Solar Turbine


Solar Turbines are a self-contained system for utilizing environmentally available radiant energy to provide a new source of electricity. The lightweight device relies on a 19th-century concept that uses 21st-century technology. As a renewable source of energy, the Solar Turbine can generate electricity for ground-based units or on spacecraft. Essentially a cross between a modified radiometer and an otheoscope, the Solar Turbine incorporates temperature sensitive materials, unique turbine vane design, fractal-like geometries, magnetic bearings, and supercapacitors.

In addition to energy from the Sun, full-scale use of other forms of radiant energy is possible. This expands the range of use to a multitude of environments, in particular space. Due to the variety of radiation and the intrinsic vacuum, space may provide the ideal operating conditions to generate the highest amount of electricity. The lack of volatile chemicals in Solar Turbines also reduces the risk of explosion from orbiting space debris.

The technical objectives of the Solar Turbine are to:

  1. Build a working prototype that can be assembled and tested within the phase I allocation time
  2. Test the Solar Turbine with the purpose to identify ideal material and configuration for turbine vanes. Classification is determined from energy output.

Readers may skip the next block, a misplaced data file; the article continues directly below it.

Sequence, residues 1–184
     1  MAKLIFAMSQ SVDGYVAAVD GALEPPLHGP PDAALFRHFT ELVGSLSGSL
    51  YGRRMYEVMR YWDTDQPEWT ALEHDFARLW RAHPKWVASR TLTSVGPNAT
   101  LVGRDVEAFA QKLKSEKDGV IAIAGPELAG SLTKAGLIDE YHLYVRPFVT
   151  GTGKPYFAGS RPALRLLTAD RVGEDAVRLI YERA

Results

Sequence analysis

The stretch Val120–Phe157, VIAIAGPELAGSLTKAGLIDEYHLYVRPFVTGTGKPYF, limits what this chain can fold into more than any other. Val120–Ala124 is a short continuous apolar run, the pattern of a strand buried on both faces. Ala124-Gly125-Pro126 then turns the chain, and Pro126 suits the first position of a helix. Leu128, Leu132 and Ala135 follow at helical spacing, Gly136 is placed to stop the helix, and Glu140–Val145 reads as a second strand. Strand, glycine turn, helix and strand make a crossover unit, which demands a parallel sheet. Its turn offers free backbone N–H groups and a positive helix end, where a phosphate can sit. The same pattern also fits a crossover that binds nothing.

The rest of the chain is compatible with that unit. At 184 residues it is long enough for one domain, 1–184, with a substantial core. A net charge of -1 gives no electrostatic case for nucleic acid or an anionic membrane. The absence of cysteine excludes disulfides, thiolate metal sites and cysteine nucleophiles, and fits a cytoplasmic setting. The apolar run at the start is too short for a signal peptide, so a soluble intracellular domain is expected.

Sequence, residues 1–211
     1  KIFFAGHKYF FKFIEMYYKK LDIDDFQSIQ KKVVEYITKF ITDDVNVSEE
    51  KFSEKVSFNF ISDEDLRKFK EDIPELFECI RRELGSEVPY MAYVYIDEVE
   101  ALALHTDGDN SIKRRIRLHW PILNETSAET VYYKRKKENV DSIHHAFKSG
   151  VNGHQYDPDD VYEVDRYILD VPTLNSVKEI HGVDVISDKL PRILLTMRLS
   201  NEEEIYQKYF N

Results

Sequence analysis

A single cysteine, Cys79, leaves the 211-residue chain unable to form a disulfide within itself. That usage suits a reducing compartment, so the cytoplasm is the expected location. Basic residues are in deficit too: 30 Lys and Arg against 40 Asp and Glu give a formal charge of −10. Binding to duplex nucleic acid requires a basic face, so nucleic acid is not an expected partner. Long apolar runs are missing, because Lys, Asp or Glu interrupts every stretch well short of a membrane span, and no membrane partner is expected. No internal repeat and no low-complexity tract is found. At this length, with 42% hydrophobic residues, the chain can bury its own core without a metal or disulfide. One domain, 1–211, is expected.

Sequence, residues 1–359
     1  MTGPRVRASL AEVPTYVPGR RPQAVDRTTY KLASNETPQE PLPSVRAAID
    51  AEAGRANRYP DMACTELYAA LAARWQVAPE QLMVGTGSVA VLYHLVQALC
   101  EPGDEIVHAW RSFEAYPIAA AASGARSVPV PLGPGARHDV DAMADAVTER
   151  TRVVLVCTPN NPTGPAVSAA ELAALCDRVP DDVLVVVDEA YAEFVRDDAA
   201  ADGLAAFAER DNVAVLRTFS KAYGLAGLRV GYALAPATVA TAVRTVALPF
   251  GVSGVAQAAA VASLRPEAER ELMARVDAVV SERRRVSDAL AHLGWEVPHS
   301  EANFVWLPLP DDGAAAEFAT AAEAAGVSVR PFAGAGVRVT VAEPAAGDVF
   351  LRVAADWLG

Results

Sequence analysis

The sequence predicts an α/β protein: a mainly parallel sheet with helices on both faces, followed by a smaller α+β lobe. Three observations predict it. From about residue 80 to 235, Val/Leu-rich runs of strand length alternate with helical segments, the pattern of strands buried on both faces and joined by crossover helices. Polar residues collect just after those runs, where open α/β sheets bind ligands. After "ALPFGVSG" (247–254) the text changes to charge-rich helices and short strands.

3. Measure the energy output and compare the results to photovoltaic cells in an identical environment.
  4. Design a battery storage unit that that interfaces directly with the Solar Turbine.

Work Plan & Deliverables:

  1. Tooling. Individual vanes and custom components will be fabricated at this stage. Various vane designs will be created to test for optimum power output.
  2. Electronics. A subcontractor will assemble and test the electronic components prior to integration. This includes the battery charging station.
  3. Solar Turbine Assembly. The parts fabricated in the above sections will be assembled to produce a working Solar Turbine. This unit will be ready for the final testing stage.
  4. Testing. A rigorous testing protocol is used to validate the power output of the Solar Turbine. Various vanes and vane configurations are part of the testing process. A comparison between the Solar Turbine and standard photovoltaic cells follows.
  5. Deliverables. A fully functional Solar Turbine. A final report detailing the testing results. Any unexpected results or benefits are included.




Applications of the Solar Turbine for Spacecraft include :

    1. Generate electrical power that is greater than conventional photovoltaic cells.
    2. Power spacecraft and satellites of various sizes. As a lightweight energy solution, payload weight is minimal.
    3. Provide eco-friendly power to nearby planetary bases.
    4. Transfer energy to a battery storage system for spacecraft.
    5. Operate as a satellite to transmit energy for orbiting spacecraft or as an orbiting energy grid.
    6. Space Propulsion by producing a high velocity molecular stream in a given direction.
    7. Generate coherent light in space (space beacon).
    8. Measure ambient radiant energy in a region of space.


Applications of the Solar Turbine on Earth include :

    1. Home based power system.
    2. Commercial power system.
    3. A lightweight electrical power generator for aircraft including electric unmanned aerial vehicles and electric planes.
    4. Battery storage chargers.
    5. Energy generators for ground based electric vehicles.


Orbotic Systems – Erik T. Long –